“She just wasn’t a movie star. She was a feminist icon,” says Rabia Hasan, Rani and Hasan Tariq’s daughter. A visual artist who graduated from the prestigious National College of Arts, Rabia’s work questions patriarchal values and the place of a woman in this context. Not surprising, given that her parents often questioned society’s ‘madonna-whore’ complex in their movies.

“Her image, as a movie star and a mother, is important to me. From a female perspective, she was a feminist icon. My work revolves around the patriarchal structure and how a woman is represented within the structure. She was a mother and a celebrated icon, the perfect representation of a woman, her femininity and her strength,” she says.

“Back then, people weren’t that accepting of women in films and usually those who rebelled joined the industry. She was a very courageous woman. Now, people tell me so many things, the struggle she put up with, the way she survived as a woman in this society. I am amazed at the strength she displayed without compromising on who she was,” says Rani’s daughter.

This ‘I am who I am’ bit attitude set Rani apart from others.

In her own words: “When I was campaigning for Sarfaraz, people told me to wear a chaddor. But I refused. I wore the flashiest of clothes, all my jewellery, jhumka shumkas, everything!” aptly summing up that glamour has everything to do with politics.

“Rani never came across as a two-faced person. When she was campaigning for the 1985 non-party election on behalf of Sarfaraz Nawaz, it was Rani who held court,” says Malik. “She knew people were coming to see her and she played her role perfectly. Reaching out to the people but at the same time maintaining her movie star status. She was a showstopper and this was all during the martial law days.”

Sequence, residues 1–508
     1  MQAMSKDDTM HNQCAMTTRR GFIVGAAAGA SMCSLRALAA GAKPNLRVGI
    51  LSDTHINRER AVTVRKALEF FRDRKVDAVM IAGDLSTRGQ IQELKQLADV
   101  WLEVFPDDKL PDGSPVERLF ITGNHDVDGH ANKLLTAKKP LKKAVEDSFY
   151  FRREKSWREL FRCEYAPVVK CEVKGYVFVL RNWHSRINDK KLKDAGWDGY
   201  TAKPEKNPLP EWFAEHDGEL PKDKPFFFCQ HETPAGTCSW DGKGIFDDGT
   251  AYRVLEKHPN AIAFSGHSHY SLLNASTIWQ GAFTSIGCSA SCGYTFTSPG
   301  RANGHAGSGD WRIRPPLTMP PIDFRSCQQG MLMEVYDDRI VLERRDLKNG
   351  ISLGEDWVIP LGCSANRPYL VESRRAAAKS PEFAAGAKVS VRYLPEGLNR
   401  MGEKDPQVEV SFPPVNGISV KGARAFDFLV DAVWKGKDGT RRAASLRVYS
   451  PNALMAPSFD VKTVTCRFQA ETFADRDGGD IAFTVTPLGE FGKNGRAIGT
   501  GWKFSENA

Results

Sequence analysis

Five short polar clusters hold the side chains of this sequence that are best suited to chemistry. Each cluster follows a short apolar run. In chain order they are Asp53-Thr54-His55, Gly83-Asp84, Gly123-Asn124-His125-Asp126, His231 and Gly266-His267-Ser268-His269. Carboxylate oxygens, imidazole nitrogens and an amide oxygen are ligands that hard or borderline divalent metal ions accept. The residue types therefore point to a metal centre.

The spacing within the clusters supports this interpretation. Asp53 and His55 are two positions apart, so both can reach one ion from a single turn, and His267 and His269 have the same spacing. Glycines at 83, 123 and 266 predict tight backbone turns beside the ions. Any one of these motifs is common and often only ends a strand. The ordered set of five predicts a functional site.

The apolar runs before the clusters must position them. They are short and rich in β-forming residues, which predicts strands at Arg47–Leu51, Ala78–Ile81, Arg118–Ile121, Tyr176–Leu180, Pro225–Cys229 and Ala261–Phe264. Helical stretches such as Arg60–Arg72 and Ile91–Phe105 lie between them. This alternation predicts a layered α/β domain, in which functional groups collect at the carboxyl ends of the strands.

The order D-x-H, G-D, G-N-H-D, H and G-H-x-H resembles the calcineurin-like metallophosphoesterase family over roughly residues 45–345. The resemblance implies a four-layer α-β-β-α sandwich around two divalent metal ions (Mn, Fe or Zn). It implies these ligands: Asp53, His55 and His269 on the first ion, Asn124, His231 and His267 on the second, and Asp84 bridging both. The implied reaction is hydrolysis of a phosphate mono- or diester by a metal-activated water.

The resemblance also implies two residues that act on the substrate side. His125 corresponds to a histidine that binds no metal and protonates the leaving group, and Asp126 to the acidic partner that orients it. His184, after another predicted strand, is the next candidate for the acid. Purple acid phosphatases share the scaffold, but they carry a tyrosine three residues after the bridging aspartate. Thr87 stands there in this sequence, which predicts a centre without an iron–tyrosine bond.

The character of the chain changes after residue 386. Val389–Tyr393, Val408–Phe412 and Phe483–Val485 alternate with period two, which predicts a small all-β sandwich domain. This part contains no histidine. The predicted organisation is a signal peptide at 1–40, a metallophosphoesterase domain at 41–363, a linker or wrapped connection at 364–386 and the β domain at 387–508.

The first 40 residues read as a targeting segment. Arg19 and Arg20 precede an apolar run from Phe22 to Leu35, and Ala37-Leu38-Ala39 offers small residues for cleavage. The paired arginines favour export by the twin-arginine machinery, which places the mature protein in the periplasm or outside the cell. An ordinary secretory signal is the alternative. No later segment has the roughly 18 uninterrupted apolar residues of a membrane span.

This was something very different from the usual star-turned-politician cases, as the case was in India where prominent movie stars toned down their public personas and in the case of women, went out in white saris and de-glammed themselves

Out of sight but never out of mind, film star Rani’s legacy lives on through her films and her gifted progeny

“Rani was very conscious of the fact that she was playing a role and people were coming to see her and not some covered up woman,” adds Malik.

While Sarfaraz was always the hot-headed sportsman, she made sure he struck the right notes with the masses. Her hard work paid off and he landed a seat as an MPA. Had cancer not claimed her life, Rani had her eyes on a senate seat as she wanted to bring about social change and uplift the status of women in the society.

Waise to sabhi maut kay muntazir rehte hain, achanak teri judaai ne sub ko rula diya, tum kya gaye kay rooth gaye din bahar kay.

Thus reads the inscription on Begum Nasira aka Rani’s last resting place, symbolising the abyss that Lollywood has plummeted into in her wake. The only thing that now endures the test of time is the irresistible allure of Mozang de Rani.

Published in Dawn, Sunday Magazine, May 25th, 2014